Conversely, I would argue that if everything looks like a nail, the only tool you need is a hammer.
In the wake of the Christchurch shootings, the American pro gun lobby has waded into the gun control discussion currently underway in this country. Their arguments are largely irrelevant and unhelpful in the NZ context. They also tend to make claims that are either misleading or simply false.
Bearing arms is a God given right.
Perhaps in America, where 70% of the population are Christian and they have the right to bear arms written into their constitution. Here, Christians are a minority, a large minority, granted, but never the less, a minority. So God has little say in the matter. Most importantly, we have never had a “right” to bear arms. Any argument about the government taking away our rights rights is irrelevant. They can’t take away something we’ve never had.
In this country carrying any weapon in public is illegal. It doesn’t matter if it’s a gun, a knife, a toothpick crossbow, pepper spray, or even a screw driver. If you are carrying it as a weapon, regardless of whether you intend to use it defensively or offensively, you are breaking the law. If you get stopped by police while you’re driving, and they happen to see a baseball bat you keep for protection lying beside your car seat, expect to find yourself in trouble.
Controlling guns is a step on the road to totalitarianism and tyranny
Arguing that gun control diminishes or removes our right to own guns is akin to arguing that traffic regulations diminishes or removes our right to travel by motor vehicle. Some level of regulation and control is necessary to protect law abiding citizens from the idiots who either deliberately or accidentally endanger the lives of themselves and everyone else on the road.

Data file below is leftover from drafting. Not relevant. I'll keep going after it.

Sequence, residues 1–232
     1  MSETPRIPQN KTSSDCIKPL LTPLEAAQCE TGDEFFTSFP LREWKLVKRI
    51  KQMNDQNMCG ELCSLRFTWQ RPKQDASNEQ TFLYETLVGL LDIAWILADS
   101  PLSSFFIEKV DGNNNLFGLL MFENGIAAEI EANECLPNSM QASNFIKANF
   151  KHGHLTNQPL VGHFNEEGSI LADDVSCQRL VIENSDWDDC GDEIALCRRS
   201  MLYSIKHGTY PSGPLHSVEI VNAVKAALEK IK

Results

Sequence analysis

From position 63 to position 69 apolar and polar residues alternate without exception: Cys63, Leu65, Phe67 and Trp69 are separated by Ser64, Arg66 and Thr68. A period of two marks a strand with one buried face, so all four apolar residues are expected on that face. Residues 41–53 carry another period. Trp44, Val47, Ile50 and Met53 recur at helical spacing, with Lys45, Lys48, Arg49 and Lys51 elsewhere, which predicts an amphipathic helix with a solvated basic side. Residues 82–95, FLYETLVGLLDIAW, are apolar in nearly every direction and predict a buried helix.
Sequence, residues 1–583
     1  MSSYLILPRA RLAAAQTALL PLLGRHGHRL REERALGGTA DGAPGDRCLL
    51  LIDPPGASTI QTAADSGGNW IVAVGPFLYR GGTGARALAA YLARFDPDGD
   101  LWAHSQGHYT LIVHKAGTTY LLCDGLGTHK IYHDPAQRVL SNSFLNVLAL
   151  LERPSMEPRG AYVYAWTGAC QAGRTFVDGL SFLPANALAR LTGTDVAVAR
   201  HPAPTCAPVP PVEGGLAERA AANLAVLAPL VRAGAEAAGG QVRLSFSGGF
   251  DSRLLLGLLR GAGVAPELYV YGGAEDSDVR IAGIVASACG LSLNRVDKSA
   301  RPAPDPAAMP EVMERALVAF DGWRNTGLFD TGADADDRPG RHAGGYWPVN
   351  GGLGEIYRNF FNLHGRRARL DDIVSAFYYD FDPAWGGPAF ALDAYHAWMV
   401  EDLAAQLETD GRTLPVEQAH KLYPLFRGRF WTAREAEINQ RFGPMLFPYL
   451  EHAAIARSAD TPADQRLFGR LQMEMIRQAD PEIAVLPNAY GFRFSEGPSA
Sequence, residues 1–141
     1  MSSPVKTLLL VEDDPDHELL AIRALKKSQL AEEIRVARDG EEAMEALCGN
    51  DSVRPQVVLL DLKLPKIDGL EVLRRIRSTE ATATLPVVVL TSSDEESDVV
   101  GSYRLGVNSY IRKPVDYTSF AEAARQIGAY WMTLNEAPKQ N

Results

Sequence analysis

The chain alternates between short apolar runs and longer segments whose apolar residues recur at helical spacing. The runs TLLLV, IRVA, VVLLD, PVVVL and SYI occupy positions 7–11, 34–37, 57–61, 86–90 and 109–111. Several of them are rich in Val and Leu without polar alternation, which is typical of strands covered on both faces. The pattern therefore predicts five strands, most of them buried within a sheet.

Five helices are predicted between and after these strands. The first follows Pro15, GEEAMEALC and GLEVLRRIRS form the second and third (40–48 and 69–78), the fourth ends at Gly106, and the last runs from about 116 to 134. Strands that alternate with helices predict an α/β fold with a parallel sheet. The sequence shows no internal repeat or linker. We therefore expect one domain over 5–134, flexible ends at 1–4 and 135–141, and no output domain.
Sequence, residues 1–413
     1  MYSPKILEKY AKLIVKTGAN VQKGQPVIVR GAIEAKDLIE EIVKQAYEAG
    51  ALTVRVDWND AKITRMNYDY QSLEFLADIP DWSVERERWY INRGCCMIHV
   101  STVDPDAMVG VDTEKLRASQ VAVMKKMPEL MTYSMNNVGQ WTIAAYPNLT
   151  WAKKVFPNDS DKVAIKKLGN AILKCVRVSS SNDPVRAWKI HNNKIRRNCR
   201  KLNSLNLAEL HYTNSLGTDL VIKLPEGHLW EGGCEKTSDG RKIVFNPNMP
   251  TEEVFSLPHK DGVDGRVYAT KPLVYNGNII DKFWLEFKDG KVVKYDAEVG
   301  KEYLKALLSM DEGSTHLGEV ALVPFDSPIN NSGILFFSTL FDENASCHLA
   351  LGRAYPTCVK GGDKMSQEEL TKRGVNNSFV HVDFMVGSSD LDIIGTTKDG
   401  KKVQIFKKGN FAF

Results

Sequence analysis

In this country every car must undergo a mandatory safety inspection at regular intervals. The frequency depends on the age of the vehicle. If the car passes the inspection, it receives a WoF (Warrent of Fitness). It is illegal to drive or park a car on a public road unless there is a current WoF displayed on the top right corner of the windscreen (windshield). If everyone could be relied on to ensure their car was kept in a safe condition there would be no need for WoFs.
The same applies to driver licences. If everyone could be relied on to learn the road code and ensure they had the skills to drive safely, there would be no need to issue driver’s licences. Sadly the government must regulate to protect sensible car users.
How about piloting drones? In New Zealand, anyone can fly a drone. Neither drone pilot nor drone need to be licensed or registered subject to obeying a few simple safety rules. One rule is that drones must not be flown within 5 kilometers (3 miles) of an airport. There have been a number of near misses in recent years, one coming within metres of a passenger aircraft as it approached a airfield. Recently all flights in and out of the nation’s busiest airport were cancelled for hours because some idiot was incapable of learning and applying some simple safety rules.
It’s behaviour like that that may make licensing of drone pilots and registration of drones mandatory – licensing to ensure pilots understand the rules, and registration to be able to identify the owner of the drone. How is the licensing of gun owners and the registering of guns any different?
Even in the USA, weaponry is regulated. Are members of the public permitted to own machine guns, field guns, grenade launchers, or depleted uranium armour piercing projectiles and their launchers? How about rocket launchers, heat seeking anti-aircraft missiles? How about fully armed strike aircraft? As I understand it, the second amendment guarantees the right to bear arms. Does the pro gun lobby advocate that all forms of arms should be unregulated? I’m also led to believe that when the second amendment was written, the federal government did not have a standing army. The circumstances under which the amendment was drafted, were very different to those existing today.